Most Incumbents Fare Well; Three Greenfield Recalls Successful
June 6, 2012
After celebrating their own victories for state office, Santa Cruz County Supervisor Mark Stone and Assemblyman Bill Monning (Assembly and Senate, respectively) joined County Supervisor Jane Parker at Me-n-Ed's Pizza in Seaside to celebrate her victory over challenger Byrl Smith.
Met by a cheering crowd, Parker gave a short speech of gratitude from a chair after the county Elections Department's first round of reporting Tuesday night. As of midnight, with 84 percent of District 4 precincts reporting, Parker led with 56 percent of the vote.
Monning won his Senate primary handily with almost 64 percent of the vote.
Stone, a Democrat, will face Tuesday's second place finisher, Republican Tom Walsh in November for Assembly District 29. He took in almost 50 percent of the vote, and fellow-Democrat Bob Fultz is out of the race, having pulled in under 13 percent in the three-way primary.
Assemblyman Luis Alejo, D-Watsonville, held his seat firmly, earning 63 percent of the vote with 95 percent of precincts reporting, to beat two-time challenger Rob Bernosky.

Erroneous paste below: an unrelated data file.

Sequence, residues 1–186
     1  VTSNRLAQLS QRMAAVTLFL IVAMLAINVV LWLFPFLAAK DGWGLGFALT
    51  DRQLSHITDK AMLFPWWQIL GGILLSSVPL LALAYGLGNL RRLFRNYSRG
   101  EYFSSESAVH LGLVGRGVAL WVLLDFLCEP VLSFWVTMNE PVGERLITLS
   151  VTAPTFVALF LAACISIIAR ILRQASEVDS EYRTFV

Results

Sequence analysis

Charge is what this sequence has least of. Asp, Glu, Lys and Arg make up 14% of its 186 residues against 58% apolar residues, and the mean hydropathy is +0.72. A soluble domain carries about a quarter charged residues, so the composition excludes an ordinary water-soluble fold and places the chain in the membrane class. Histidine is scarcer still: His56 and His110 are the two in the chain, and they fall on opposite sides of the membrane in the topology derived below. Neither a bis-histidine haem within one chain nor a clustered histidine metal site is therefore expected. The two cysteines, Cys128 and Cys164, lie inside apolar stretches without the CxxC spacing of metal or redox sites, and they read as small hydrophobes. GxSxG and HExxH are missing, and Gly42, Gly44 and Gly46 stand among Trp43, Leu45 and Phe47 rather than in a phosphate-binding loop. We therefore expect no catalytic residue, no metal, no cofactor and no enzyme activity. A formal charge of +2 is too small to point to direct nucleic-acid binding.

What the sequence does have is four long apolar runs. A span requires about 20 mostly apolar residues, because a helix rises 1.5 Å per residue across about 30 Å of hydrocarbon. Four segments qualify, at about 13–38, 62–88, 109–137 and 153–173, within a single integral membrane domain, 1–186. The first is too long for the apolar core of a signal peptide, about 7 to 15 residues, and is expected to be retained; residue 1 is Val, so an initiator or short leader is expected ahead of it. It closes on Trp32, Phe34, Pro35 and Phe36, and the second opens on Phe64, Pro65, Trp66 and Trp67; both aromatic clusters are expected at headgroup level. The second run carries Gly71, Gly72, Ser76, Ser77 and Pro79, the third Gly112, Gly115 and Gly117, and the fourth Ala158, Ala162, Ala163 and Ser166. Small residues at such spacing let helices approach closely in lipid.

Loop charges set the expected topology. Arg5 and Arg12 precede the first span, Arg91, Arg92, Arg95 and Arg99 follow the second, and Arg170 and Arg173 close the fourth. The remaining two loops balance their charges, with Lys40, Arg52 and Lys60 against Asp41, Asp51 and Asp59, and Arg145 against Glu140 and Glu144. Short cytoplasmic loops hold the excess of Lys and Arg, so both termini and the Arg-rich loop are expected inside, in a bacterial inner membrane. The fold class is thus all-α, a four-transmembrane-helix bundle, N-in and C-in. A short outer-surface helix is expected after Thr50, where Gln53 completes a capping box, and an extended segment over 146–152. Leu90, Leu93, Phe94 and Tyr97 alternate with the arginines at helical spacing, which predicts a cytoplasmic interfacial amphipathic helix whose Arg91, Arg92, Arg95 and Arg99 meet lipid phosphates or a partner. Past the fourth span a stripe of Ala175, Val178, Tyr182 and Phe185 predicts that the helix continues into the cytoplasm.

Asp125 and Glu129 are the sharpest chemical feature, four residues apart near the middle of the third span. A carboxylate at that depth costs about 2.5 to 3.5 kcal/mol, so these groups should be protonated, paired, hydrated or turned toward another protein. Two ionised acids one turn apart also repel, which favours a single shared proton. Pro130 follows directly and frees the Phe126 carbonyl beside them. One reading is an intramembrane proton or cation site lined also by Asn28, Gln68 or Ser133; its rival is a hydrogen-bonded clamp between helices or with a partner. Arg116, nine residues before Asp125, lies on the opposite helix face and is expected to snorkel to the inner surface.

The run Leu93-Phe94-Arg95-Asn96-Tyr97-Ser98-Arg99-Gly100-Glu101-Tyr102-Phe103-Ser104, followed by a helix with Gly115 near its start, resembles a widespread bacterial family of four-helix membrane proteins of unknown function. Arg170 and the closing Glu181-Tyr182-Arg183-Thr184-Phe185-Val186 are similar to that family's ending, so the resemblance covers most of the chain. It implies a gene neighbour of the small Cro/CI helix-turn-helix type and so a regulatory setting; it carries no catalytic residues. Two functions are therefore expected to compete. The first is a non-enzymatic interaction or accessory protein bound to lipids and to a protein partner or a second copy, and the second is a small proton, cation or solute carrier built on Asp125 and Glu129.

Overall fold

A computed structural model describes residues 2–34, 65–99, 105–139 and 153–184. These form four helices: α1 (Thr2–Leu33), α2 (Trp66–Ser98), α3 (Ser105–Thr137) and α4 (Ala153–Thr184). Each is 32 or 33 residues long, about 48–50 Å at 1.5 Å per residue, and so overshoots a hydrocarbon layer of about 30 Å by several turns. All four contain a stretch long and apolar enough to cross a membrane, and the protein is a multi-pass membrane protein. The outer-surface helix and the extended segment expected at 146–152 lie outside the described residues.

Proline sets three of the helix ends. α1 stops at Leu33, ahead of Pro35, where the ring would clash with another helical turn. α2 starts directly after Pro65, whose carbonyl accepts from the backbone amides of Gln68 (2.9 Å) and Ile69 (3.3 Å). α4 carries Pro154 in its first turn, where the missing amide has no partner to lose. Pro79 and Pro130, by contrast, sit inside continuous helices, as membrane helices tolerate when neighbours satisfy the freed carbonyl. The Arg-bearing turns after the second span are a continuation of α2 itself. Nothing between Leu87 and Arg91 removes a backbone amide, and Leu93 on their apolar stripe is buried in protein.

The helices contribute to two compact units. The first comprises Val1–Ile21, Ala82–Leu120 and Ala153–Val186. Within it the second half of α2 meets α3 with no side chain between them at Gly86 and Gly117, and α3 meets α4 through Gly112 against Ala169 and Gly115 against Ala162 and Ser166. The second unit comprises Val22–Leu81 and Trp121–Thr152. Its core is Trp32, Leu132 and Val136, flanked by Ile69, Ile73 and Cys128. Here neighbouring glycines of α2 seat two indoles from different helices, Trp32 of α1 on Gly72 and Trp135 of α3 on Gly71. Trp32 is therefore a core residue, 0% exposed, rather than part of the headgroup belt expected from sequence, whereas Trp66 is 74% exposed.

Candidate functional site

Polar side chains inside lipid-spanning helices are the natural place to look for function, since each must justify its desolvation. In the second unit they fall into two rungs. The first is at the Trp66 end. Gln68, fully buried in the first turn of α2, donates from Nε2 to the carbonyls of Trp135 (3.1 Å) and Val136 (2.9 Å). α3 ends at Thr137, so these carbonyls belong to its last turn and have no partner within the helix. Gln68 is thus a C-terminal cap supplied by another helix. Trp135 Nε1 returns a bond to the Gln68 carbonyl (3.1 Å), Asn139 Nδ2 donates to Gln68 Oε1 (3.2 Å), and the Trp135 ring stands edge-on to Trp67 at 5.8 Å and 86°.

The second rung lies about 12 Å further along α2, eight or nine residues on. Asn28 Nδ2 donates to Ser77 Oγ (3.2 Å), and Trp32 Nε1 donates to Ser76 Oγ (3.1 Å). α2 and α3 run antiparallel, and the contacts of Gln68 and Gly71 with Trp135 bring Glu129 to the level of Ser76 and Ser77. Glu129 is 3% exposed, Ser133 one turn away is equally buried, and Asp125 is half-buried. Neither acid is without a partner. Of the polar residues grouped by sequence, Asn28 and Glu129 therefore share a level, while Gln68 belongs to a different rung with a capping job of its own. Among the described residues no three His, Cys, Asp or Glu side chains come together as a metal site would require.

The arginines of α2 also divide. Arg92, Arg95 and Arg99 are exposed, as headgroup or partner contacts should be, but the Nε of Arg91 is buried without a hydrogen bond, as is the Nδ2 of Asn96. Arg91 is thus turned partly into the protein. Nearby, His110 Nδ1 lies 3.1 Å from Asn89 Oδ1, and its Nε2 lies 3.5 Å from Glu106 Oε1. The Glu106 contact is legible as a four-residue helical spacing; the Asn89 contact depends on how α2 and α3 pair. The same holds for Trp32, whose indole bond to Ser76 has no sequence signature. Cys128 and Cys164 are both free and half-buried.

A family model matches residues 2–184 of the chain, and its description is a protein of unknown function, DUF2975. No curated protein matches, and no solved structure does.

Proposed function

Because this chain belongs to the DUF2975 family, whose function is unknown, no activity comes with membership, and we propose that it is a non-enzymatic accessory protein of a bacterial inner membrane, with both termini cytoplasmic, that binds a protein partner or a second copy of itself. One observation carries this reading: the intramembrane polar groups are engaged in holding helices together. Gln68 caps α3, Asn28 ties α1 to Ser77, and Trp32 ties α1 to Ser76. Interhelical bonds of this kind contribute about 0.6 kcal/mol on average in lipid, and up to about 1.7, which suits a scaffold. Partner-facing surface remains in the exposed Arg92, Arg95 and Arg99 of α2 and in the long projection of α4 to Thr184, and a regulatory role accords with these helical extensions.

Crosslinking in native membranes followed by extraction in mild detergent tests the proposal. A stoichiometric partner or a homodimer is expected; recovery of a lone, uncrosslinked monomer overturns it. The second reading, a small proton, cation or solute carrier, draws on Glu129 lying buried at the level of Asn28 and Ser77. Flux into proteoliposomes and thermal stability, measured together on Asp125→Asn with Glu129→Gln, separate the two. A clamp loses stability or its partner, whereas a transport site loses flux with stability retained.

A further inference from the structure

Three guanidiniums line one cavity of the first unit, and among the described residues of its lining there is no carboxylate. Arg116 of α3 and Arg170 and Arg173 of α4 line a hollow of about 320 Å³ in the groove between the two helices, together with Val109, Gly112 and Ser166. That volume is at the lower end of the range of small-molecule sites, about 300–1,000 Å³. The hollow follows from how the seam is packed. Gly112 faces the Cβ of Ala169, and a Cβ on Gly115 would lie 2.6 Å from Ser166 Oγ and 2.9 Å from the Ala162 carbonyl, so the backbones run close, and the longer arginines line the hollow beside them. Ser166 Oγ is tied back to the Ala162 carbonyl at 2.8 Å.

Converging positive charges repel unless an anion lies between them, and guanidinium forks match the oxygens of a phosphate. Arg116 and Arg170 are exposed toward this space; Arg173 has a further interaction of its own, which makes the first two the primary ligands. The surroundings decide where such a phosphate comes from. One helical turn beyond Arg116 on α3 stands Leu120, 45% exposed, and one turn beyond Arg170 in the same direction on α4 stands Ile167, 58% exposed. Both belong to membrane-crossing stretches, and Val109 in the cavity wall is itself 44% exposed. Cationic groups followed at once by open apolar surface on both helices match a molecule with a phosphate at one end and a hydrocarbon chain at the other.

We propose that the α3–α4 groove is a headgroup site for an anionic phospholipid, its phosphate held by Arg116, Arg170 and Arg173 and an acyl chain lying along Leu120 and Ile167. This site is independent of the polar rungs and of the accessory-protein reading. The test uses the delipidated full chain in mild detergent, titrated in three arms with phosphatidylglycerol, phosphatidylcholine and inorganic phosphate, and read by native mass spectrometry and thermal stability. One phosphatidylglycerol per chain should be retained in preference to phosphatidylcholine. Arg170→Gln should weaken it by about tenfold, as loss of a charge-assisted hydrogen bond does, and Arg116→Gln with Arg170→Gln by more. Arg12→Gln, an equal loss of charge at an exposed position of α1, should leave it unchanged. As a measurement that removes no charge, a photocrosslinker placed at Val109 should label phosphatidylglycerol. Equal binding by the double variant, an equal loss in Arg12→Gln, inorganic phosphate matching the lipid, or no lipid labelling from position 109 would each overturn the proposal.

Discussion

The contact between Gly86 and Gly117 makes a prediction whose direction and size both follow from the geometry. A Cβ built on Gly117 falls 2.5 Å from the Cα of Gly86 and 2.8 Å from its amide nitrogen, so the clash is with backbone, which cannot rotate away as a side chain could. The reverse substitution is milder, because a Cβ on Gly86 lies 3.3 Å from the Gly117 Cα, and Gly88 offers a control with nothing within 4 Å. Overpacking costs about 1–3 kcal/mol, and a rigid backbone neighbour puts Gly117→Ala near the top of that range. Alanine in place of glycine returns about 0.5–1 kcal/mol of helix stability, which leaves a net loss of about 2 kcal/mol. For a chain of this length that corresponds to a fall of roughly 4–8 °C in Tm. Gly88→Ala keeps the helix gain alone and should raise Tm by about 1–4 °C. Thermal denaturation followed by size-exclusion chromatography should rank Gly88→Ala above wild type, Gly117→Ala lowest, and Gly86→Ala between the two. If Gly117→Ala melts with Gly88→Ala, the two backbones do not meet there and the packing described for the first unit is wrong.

Incumbent County Supervisor Fernando Armenta nearly swept his two opponents out of a recall, receiving more than 44 percent of the vote. He would've needed over 50 percent to win outright, and will face Salinas City Councilman Tony Barrera for a runoff in November. Barrera beat out fellow-Councilman and Alejo assistant Sergio Sanchez by 5 points for the runoff.
Incumbent Supervisor Dave Potter didn't do as well, with 43 percent of the District 5 vote (with 84 percent of precincts reporting.) Like Armenta, he was short of an outright win, and faces a close challenge in former supervisor Marc Del Piero, who lagged by just 1.3 percent.
Pacific Grove Mayor Carmelita Garcia, who lagged significantly in District 5 fundraising, received 15 percent of the vote.
In South County, Greenfield voters overwhelmingly recalled city council members Yolanda Teneyuque and John Martinez (by 72 and 65 percent, respectively). Mayor John Huerta also lost his seat in a closer recall, by 21 votes.
Huerta will be replaced by former mayor Leonard Dart; Teneyuque by former councilman Agapito Vazquez; and Martinez by Yvette Gonzalez. This new council likely keeps the 3-2 split, but shifts the majority bloc back to one that supported recently ousted police chief Joe Grebmeier.
Voter turnout for the controversial election was shy of 23 percent, with about 35,500 Monterey County voters casting ballots.
Check back Thursday for all things election at www.mcweekly.com/election2012, or find the paper on news stands, for more on these races.